Sunday 8th March 1936
Confronted by Hitler's fait accompli in remilitarizing the Rhineland, the French government responded extremely weakly. Crucially, a meeting of ministers with General Gamelin, the army Chief of Staff, decided against even partial mobilization on the tortuously expressed and barely credible grounds that France wanted to avoid any action that might smack of trying to force the hand of League of Nations Council members. All that France did was appeal to the League. As Germany was not a member and the League had amply demonstrated its impotence over Italy's invasion of Abyssinia, this was not a formidable move.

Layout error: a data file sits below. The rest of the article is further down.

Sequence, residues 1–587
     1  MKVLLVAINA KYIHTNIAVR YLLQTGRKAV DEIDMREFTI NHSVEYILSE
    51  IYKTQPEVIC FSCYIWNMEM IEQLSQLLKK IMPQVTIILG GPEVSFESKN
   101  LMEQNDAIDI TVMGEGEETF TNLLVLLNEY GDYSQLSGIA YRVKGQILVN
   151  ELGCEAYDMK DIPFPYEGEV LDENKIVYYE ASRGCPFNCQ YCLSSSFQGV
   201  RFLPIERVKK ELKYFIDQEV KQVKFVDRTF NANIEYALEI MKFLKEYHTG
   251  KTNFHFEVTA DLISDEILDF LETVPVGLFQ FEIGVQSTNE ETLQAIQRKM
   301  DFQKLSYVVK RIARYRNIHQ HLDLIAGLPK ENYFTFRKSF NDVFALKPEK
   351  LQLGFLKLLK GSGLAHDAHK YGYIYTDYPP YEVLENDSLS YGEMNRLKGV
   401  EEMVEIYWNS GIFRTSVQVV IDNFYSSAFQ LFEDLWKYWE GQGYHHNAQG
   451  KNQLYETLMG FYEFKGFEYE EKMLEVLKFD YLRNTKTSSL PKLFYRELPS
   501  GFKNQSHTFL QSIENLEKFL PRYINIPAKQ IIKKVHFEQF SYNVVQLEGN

Albert Sarraut, the French Prime Minister, did publicly reject the placatory proposals with which Hitler had accompanied his denunciation of the Locarno Treaty as extinct. These included Germany returning to the League of Nations, from which it had withdrawn in 1933 on the pretext that disarmament talks had failed to give parity with France. Hitler had also offered a pact controlling air forces, in a sop to Britain which had floated the idea a few days before. None of this was attractive, none of this was sincere. It was a confession of weakness to pay it any attention at all.